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Spring feeding of hives in a cooler climate...can feeding be overdone?

Twenty days ago was our first spring inspection and out of 20 hives, we lost 3…two from starvation and one had tried unsuccessfully to requeen late last fall.
And today was our second time this spring we have worked our bees and most hives are two brood chambers full of bees. This is what we found:

Above… in the photo of the bottom broodbox… you can see the remnants of the three pollen patties we fed 20 days ago…they are almost all consumed. The sugar syrup frame feeder was bone dry after those 20 days since filling. Today the bees needed our attention again after that short period of time.

Photo above…filling the inside frame feeder. Frame feeders are one or two gallon capacity…the lighter wintered hives get the larger 2 gallon frame feeders…those 2 gallon frame feeders were also bone dry. The frame feeder in the photo is the one gallon size. The frame feeders have mesh ladders that allow the bees to access the syrup without drowning. Syrup is always mixed so it is as saturated as possible. The story here is that hungry, strong hives can consume 2 gallons of heavy sugar syrup every 3 weeks.

More pollen patties are added for a second time and there are between 3 and 6 frames of capped brood. Once you start supplementary feeding, keep it up. We use the Beepro Mann Lake pollen patties and the bees love them…there are likely other suitable pollen substitute products out there. Our bees’ first natural pollen source…i.e. willows…is still 2 weeks away.

Re-assembling the hive…the top box which is loaded with bees is gently placed back on the bottom brood box (after smoking the bees away from the bottom frame edges)…resting on top of the pollen patties. The top brood box is where the queen is likely laying…although some hives had the queen laying in the bottom broodbox also. No queen checks are done at this time.

In 3 weeks time, we will work the bees again. This time the brood boxes will be reversed and hives light on stores will be given more syrup. More pollen patties may be given at this time depending how spring is progressing. Early pollen is notorious for being low on protein content. Queens will be checked at that time.

While working the bees this morning, the temperature was only 5 degrees C above freezing. It took us 2 hours to go through 17 hives…3 beekeepers working together. Hives are put back in the climate controlled beehouse to be left undisturbed until next inspection.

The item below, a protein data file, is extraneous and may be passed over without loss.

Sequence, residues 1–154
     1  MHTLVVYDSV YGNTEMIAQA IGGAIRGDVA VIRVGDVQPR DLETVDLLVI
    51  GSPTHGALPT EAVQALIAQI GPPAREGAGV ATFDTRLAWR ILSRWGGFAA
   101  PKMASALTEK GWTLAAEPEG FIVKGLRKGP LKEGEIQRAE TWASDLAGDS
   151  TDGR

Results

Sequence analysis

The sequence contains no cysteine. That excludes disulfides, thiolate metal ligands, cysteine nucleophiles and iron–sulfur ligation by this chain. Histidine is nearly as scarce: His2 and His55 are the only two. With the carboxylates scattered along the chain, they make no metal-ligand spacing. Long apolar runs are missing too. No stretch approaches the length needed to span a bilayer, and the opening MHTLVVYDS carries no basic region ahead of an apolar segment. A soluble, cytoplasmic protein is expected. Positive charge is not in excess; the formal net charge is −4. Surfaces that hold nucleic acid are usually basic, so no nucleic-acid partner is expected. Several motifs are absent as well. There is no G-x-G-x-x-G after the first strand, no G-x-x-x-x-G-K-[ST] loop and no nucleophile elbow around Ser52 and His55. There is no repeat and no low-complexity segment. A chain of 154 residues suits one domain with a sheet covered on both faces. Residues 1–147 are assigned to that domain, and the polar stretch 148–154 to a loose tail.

Another nugget of helpful info I didn’t know! Thanks for this great post Doug - cheers :sunglasses:


Thanks so much for this great breakdown @Doug1 :pray: so interesting to see the great deal of difference in beekeeping practices. Still 2 weeks away from the first pollen flow, wow.


You are welcome Eva…real good quality pollen doesn’t show itself here until dandelions bloom. Dandelion pollen stimulates queen laying…and the commercial Californian queen rearers used to buy all the dandelion pollen I could produce to feed it to there queen cell builders. They said it was “hot stuff”…so perhaps the link between honeybee queen rearing and dandelions evolved eons ago. For that matter, that evolutionary flora/fauna partnership was likely important for everything from other insects to humans. Grizzly bears in this area heavily feed on dandelion flowers as a spring food source.


Unlike Australia, our northern climate typically provides two months in the spring where the bees may intermittently fly but there is no forage…so the northern beekeeper really has to be on his/her toes to keep them thriving. This happens again in the fall…so natural honey/pollen flows are like a water tap that is either abruptly turned on or off…for extended periods of time.


HI Iam brand new at everything bee. I dont have room to put a jar on the super because the roof is too shallow on my flow hive. I live in California and there is not much for the too eat right now. What is the best way to feed them?

You can use an empty box so your jar will fit or use baggies. There are also some round feeders that some have discovered that will fit under the roof.

Thank you sooo much. THe link did not come through so I will search it up by name. Does it feed from the bottom or the top? In other words, do I put it over the hole?

Yes, over the hole. The bees crawl up from underneath and drink.

Hmm @Nubee1, I think the poster of that message later said (in another thread) that it didn’t fit properly after all. I would suggest an empty box, or use a baggie. Baggies do fit under the roof. Search the forum (magnifying glass tool at the upper right) for baggie and you will get lots of links, many of them from @Eva, who uses that method a lot. :wink:

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Just want to say thanks :slight_smile:

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